- Daughters of Union Veterans of the Civil War 1861-1865 (www.duvcw.org/) and the United Daughters of the Confederacy (http://hqudc.org/)
- General Society of Colonial Wars (www.gscw.org/)
- Hereditary Order of the Descendants of Loyalists and Patriots of the American Revolution (http://loyalistsandpatriots.org/)
- Society of Descendants of Knights of the Most Noble Order of the Garter, for descendants of the Knights of the Garter, a prestigious honor bestowed upon knights as early as 1348 (http://www.brookfieldpublishingmedia.com/KG/KG.aspx)
- Society of the Cincinnati, founded in 1783 by officers of the Continental Army and their French counterparts (http://societyofthecincinnati.org/), reports that it is the nation’s oldest patriotic organization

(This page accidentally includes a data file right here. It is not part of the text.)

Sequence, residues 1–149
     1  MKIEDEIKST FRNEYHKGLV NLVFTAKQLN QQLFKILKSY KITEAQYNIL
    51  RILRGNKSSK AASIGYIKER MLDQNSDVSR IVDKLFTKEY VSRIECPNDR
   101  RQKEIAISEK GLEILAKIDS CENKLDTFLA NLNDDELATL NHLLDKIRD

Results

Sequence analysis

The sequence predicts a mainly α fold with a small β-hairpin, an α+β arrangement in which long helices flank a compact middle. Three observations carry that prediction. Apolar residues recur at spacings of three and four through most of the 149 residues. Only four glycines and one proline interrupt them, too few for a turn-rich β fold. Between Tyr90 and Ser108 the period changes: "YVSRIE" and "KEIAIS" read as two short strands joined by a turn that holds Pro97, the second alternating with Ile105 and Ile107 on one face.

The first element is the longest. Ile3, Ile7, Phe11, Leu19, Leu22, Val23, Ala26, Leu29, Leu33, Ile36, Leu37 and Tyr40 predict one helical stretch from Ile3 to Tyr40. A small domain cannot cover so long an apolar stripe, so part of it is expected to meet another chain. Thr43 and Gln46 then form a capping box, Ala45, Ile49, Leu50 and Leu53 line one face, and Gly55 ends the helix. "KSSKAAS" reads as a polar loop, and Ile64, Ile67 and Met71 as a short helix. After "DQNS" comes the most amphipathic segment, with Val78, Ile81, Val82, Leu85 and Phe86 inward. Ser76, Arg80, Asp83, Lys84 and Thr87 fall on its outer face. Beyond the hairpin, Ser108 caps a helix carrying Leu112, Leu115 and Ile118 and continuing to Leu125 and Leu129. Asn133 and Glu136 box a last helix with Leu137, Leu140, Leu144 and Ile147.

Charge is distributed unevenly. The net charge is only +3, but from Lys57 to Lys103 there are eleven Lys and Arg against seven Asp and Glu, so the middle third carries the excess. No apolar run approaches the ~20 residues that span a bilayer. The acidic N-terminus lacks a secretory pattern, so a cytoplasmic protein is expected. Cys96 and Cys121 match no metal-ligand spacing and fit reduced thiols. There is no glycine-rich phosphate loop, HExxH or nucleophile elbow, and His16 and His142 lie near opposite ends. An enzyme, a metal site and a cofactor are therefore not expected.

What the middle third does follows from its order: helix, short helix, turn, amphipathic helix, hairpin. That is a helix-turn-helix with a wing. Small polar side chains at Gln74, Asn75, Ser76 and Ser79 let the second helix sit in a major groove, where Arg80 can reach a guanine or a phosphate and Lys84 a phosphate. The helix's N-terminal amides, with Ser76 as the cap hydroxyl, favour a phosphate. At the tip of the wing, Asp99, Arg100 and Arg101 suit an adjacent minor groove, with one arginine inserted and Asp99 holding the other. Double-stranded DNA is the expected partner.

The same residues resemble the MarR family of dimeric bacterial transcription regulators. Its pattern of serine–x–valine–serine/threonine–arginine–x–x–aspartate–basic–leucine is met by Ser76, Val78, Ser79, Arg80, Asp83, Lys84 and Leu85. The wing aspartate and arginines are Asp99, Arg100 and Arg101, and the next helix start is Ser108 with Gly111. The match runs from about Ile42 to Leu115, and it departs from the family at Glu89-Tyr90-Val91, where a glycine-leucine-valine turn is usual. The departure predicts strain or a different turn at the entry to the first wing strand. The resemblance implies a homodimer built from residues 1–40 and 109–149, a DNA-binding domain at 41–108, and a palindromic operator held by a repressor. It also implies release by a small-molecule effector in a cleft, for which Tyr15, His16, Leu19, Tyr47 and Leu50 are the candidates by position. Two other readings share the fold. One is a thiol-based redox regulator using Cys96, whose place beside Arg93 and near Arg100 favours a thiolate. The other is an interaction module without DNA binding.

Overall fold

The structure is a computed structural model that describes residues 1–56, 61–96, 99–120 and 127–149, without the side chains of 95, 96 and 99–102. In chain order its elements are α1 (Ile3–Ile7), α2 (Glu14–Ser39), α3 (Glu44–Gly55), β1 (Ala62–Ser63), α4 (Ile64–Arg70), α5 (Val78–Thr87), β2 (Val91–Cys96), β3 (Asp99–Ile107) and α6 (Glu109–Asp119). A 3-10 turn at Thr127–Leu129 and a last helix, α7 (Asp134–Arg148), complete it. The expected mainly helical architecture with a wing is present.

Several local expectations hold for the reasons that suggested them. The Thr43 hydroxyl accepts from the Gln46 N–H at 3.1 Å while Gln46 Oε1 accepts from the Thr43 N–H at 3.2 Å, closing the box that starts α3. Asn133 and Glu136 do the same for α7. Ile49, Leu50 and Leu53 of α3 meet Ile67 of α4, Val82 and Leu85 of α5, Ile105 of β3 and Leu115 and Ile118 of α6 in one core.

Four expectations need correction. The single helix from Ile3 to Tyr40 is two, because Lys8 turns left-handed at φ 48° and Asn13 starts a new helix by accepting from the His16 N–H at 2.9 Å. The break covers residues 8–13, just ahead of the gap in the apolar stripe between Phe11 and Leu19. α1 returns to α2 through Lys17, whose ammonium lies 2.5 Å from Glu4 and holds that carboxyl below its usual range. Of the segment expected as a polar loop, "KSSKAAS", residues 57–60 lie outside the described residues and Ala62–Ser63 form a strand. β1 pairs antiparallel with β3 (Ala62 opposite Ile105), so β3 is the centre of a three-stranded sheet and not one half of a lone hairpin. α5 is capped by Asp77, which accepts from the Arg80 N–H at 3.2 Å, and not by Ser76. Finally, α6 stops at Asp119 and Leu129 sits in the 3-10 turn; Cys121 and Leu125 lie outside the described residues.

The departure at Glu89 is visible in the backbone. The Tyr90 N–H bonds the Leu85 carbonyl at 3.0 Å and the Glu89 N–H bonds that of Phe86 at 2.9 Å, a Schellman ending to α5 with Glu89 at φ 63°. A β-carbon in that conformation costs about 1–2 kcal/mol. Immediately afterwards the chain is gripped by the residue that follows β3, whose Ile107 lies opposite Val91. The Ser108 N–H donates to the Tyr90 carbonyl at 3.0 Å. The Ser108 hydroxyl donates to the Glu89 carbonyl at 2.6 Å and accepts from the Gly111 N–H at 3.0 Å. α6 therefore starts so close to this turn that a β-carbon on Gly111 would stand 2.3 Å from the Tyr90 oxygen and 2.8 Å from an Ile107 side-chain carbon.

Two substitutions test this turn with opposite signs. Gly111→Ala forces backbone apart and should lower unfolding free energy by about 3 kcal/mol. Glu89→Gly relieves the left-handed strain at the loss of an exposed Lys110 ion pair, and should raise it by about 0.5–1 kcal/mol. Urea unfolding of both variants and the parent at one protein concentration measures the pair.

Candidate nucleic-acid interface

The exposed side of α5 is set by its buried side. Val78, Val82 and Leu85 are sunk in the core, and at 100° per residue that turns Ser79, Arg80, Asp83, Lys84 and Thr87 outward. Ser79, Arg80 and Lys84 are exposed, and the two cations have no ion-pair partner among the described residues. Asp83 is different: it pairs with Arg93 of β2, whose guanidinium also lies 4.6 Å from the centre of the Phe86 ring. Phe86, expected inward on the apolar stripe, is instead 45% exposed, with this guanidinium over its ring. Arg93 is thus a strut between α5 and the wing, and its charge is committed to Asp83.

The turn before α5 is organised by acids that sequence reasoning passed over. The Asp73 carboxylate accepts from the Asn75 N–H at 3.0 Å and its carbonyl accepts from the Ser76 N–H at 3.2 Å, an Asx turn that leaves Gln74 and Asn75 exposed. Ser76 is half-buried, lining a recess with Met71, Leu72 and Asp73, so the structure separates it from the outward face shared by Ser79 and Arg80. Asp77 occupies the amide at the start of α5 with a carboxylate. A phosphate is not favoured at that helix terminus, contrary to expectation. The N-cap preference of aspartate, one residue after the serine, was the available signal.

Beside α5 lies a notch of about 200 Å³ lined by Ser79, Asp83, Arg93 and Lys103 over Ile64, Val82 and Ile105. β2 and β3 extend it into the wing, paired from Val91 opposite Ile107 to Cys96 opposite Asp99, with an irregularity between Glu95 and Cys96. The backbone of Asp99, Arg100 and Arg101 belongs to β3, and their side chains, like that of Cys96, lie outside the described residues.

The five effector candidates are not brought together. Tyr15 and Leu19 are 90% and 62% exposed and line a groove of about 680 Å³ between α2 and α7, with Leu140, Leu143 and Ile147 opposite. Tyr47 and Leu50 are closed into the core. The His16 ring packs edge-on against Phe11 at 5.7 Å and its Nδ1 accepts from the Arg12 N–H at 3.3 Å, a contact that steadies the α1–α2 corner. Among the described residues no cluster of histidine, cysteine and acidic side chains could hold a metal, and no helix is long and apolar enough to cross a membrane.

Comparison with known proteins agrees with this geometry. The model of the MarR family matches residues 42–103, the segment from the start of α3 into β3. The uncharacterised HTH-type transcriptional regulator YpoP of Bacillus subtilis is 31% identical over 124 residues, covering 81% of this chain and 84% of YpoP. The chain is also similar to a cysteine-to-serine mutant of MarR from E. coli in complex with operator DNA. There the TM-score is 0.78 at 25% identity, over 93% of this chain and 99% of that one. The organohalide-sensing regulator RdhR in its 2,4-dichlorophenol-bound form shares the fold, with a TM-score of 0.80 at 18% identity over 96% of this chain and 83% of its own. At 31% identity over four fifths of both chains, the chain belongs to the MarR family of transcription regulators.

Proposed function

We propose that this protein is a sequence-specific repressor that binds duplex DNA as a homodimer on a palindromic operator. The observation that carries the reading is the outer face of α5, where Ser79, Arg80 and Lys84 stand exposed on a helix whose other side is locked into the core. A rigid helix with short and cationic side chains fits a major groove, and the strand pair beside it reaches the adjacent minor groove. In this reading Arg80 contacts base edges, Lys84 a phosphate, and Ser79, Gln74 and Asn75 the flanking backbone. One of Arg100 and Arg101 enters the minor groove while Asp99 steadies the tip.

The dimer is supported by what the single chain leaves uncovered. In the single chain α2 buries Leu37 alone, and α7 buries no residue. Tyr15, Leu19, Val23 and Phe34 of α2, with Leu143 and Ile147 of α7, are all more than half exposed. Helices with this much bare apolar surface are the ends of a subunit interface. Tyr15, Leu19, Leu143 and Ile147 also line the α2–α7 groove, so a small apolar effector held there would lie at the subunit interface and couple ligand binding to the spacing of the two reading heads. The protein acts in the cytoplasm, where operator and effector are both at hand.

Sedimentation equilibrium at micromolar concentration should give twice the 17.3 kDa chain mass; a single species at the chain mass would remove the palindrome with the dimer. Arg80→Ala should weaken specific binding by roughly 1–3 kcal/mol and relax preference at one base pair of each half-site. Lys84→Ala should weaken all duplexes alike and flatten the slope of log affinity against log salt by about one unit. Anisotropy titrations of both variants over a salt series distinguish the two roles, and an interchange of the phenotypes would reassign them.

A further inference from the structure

- Daughters of the American Revolution (DAR), founded in 1890 (www.dar.org), and their counterpart, Sons of the American Revolution, founded in 1876 (www.sar.org)
The illustration below, from an 1898 Alabama newspaper, portrays the prominent officers of the DAR.
You can discover much of the history and learn about former members of these societies in the newspaper archives. Just search the society name in the “Include Keywords” field.
American Pioneer and Settlers’ Societies
These organizations celebrate arrivals at, or settlements in, particular areas prior to a certain date. In addition to the list below, search newspapers and the Web for “Pioneer” or “First Family of” in connection with a location, such as “California” or “Indiana.”
Some examples of pioneer and settlers’ societies are the:
- Society of the Ark and the Dove, which celebrates the first families of Maryland (http://thearkandthedove.com/)